MuPlex features

Given a set of DNA sequences and a SNP location at each, the system aims at designing (i) a set of pair forward and reverse primers for each sequence; (ii) a placement of these primers into maximal size tubes such that the coverage (number of sequences) included in the PCR assay is maximized. Figure 1 presents the MuPlex home page where specific problems may be submitted. (No user registration or fee is required.) The user provides a set of SNPs and associated flanking sequences in the standard FASTA format. These sequences may be entered manually or uploaded from a file. To improve primer specificity, users may instruct the MuPlex server to filter resulting primer candidates by aligning them against the human genome using BLAT (8). In addition to the SNP sequences, the user specifies primer selection criteria, including length, GC content, positional constraints, and melting temperature Tm constraints for individual primer oligos as well as interaction parameters (maximum local alignment score, 3′ tail ΔG), and a maximum Tm range for all primer pairs within a single multiplex assay.

Figure 1
The MuPlex homepage. Users specify primer selection criteria and provide a collection of SNPs in the FASTA format. The system emails to the user one or more solution alternatives revealing key design tradeoffs.

MuPlex then solves the dual problem of selecting primer pairs for amplifying the flanking sequence of each SNP and partitions these primer pairs into multiplex compatible sets each corresponding to a single multiplex PCR tube reaction. As noted above, MuPlex generates multiple solutions alternative each corresponding to a set of multiplex PCR tubes.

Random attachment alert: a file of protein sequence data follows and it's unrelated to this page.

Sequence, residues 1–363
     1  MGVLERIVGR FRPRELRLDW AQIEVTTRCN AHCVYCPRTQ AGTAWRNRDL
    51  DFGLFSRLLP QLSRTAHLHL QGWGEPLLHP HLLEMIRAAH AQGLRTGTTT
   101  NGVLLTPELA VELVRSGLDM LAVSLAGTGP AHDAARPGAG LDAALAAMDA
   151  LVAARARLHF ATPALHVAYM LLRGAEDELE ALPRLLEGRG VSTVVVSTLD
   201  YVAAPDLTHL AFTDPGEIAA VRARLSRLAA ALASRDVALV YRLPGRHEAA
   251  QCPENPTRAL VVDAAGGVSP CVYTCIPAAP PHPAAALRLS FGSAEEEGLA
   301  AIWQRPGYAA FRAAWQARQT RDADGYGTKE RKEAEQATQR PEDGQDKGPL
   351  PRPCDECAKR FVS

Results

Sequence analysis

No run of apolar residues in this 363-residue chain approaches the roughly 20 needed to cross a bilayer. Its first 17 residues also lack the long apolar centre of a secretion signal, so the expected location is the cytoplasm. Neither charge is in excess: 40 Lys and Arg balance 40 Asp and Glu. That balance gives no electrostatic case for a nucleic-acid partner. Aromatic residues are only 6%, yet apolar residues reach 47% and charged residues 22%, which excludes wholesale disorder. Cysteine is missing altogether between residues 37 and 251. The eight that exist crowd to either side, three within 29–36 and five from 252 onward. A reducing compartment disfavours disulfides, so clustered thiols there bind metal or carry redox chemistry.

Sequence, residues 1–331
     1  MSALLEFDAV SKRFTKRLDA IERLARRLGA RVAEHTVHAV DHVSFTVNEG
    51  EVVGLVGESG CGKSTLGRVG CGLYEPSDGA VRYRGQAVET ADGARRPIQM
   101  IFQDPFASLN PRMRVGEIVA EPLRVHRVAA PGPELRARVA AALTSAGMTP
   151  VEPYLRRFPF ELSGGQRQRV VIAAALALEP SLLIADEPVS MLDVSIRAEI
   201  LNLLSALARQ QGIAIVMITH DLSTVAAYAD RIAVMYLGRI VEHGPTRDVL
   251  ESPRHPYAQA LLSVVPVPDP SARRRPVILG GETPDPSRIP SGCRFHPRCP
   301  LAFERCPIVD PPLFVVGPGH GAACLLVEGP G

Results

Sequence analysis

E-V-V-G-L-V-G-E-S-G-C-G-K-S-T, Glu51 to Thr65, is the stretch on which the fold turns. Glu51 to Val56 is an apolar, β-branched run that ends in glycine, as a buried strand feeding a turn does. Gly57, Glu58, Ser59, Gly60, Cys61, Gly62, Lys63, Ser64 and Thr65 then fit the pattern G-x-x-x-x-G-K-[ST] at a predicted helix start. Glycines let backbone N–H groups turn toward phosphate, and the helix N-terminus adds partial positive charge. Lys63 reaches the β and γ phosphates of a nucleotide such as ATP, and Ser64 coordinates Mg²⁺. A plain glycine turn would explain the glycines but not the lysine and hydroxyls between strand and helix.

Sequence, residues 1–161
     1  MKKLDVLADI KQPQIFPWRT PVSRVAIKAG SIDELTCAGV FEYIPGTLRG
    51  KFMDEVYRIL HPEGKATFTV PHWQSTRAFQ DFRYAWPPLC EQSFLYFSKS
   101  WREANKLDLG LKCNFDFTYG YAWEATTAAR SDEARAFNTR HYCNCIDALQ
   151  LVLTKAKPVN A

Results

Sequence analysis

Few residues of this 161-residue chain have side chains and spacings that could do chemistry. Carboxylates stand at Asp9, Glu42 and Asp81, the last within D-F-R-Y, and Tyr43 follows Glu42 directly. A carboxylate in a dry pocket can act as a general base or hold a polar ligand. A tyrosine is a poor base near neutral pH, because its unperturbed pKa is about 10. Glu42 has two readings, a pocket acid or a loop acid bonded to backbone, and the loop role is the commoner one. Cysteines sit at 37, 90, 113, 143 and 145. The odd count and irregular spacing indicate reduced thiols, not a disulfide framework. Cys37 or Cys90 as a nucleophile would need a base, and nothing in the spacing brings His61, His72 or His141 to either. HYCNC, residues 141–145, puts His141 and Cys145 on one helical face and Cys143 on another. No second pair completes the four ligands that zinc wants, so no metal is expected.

Each solution is evaluated with respect to the following objectives:

  1. Total number of tubes required.
  2. Minimum, average and maximum tube size (multiplexing level).
  3. Number of unique tube sizes.
  4. Total SNP coverage measured both in terms of the percentage of SNPs (associated primer pairs) assigned to maximum-sized tubes, as well as the percentage of SNPs assigned to tubes of any size.

For example, some solutions may achieve higher overall multiplexing levels but at the expense of lower coverage, i.e. by excluding some SNPs from the solution. In addition, MuPlex tries to minimize the number of unique tube sizes in order to facilitate automation in a high-throughput genomics environment. Resulting solutions are emailed to the user. The email contains a solution summary allowing quick comparison of each alternative, and details for each solution including the selected primers, their individual properties and assigned tube.

MuPlex employs a number of heuristic algorithms and allows new algorithms to be added over time. Solution time depends on the number of solution alternatives requested, the number of SNPs and the target multiplexing level. For typical problems involving <100 SNPs, multiple solutions can often be generated in 5–10 min.